Sunday, August 28, 2011
Day 27- A Book you would write if you had all the resources
There is a murderer in my tree, a man who was tried and convicted for murder. My mother stumbled upon it in the late 1960's as she started poking around, getting names and dates and stories. It's on my dad's side of the family.
His great-grandfather murdered a woman and her 3 kids. Not only that, the woman was pregnant and the child was probably his as it was well known he was seeing her. He had a wife and children and his wife was pregnant at the same time as the mistress.
Even in 1869, these kinds of things can't stay hidden for long. Although he dumped the bodies in the Mississippi River in the winter, come the spring thaw, they were found. He dumped their personal possessions into the river, but a fisherman pulled up one of their trunks and the connection was made between the bodies and the trunk. As he was last seen with them, he was tried and convicted of first-degree murder in their deaths. The Iowa Supreme Court threw the case out on a technicality, saying the State did not prove premeditation, which was needed for first-degree. He was given the option of another trial or to take the lesser charge of second-degree murder and spend the rest of his life in prison. He opted for the lesser charge.
I've got copies of the newspapers of the time where the trial was printed on the front page for people to read the testimony. Imagine that today. We found his last will and testament in the county courthouse. Supposedly, he published a pamphlet explaining his side of things, the proceeds of which were to go towards his family. According to the newspaper, these pamphlets sold very well. I'd love to find one. Supposedly, there were photos, called 'likenesses', of the man and his uncle, whom he came to the US with. I'd love to find that too. He was disowned, as you would imagine, by his family. The family farm was sold to neighbors the year he went to prison. We don't know why, but it was sold back to the oldest son two years later. It's still in the family.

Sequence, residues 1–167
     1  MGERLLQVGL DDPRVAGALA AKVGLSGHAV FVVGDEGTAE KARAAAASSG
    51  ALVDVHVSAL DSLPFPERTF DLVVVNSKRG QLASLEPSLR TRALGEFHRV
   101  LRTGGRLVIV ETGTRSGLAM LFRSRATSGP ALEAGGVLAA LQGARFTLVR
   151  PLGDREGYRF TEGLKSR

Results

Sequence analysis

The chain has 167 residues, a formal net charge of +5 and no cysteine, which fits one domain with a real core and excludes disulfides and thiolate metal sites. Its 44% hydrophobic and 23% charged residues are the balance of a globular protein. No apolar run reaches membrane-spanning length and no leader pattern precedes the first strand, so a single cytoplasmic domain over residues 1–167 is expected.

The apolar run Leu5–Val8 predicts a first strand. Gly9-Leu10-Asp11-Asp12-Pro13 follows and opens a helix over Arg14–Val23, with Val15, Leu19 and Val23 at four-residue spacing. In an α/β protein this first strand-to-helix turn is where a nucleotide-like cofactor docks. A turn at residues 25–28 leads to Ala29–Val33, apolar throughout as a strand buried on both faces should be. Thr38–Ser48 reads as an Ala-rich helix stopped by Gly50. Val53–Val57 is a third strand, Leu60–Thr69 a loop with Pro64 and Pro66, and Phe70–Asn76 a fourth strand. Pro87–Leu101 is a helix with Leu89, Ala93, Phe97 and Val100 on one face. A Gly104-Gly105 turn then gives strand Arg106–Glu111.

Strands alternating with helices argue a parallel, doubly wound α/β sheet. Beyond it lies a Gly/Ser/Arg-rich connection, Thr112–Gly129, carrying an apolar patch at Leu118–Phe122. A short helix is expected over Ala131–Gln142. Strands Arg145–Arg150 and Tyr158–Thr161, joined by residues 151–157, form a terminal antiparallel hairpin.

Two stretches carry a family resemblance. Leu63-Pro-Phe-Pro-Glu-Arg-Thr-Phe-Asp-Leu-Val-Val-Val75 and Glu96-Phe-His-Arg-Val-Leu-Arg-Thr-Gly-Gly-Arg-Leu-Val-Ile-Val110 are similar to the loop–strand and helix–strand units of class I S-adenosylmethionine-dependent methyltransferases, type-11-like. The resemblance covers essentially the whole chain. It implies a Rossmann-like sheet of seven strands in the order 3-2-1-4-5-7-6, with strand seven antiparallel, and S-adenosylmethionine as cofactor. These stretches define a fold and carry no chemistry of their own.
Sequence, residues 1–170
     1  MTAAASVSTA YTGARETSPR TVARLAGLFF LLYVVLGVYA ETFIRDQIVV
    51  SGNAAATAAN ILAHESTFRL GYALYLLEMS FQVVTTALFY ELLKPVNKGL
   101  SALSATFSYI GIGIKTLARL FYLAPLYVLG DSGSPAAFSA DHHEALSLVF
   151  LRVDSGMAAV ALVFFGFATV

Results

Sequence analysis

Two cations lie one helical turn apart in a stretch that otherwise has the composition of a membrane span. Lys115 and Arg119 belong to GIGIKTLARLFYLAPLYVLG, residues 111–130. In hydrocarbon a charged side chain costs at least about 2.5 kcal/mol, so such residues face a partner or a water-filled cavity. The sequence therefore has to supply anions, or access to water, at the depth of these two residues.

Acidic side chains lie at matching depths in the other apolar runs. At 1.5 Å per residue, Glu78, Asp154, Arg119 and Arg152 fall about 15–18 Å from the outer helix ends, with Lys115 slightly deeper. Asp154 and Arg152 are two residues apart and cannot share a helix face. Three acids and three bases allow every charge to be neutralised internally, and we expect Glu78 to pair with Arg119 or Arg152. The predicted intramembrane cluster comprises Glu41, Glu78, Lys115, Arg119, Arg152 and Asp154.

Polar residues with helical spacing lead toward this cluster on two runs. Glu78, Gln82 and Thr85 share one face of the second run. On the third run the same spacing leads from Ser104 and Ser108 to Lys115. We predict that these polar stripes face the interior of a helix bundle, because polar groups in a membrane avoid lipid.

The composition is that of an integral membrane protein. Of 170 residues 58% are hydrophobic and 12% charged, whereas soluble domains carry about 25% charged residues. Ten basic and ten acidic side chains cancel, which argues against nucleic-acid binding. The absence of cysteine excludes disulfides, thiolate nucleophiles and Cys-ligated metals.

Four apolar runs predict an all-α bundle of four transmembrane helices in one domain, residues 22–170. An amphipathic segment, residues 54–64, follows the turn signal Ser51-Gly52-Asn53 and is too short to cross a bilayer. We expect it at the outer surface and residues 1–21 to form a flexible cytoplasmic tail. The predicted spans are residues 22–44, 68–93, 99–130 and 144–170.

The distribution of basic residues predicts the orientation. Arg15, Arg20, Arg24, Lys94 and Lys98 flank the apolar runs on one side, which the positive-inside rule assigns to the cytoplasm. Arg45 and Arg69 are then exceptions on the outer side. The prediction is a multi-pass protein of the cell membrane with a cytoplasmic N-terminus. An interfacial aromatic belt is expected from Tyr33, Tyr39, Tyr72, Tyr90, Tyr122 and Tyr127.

It's a fascinating story. Over the years that I've known about it and I stumbled upon it in the fall of 1975 while doing research on a topic for Comp and Lit in college, pieces of the event have gradually been revealed. I still don't have a motive. One was never printed in the paper. The papers say his lawyers didn't deny a crime had been committed, only that Iowa had no jurisdiction over the case as the bodies were found on the Wisconsin side of the river. I keep meaning to look at Wisconsin papers from that era to see if they covered the trial. Supposedly, papers as far away as San Francisco and New York sent reporters.
Would it make a best-seller? Probably not. In talking with grandchildren of the man, they refused to discuss him or their grandmother. They either quit talking or changed the subject. We have no clue what kind of person their grandmother was. She never remarried and is buried by her parents and brother in the city cemetery, her grave unknown to us until last fall when mom and I spent a chilly morning looking for everyone.
How do I tell the story? Do I tell it from his point of view? That would certainly be interesting, but I don't have a motive. Autopsies were never performed on the bodies so how they died is open to speculation. Should I tell it from her point of view? The two of them were married to others when they met. From the testimony of women at the trial, I'm thinking she didn't have many friends because of this liaison. Or maybe tell it 3rd person, with someone stumbling upon the trial as they were taking the train west. I've started this. I've stopped. I've done some research and I've quit. I have everything in my dad's briefcase, all the work I've done so far. Some day, I tell myself, some day.
I read somewhere that everyone has a book inside of them just waiting to come out. This would be my book if ever I sat down to write it. No, I don't have a title. If I did, if there was a title, maybe that would be more inspiration to write. I don't know. For now, knowing the story, if in bits and pieces, is enough.
Beverage: Boston Harbor tea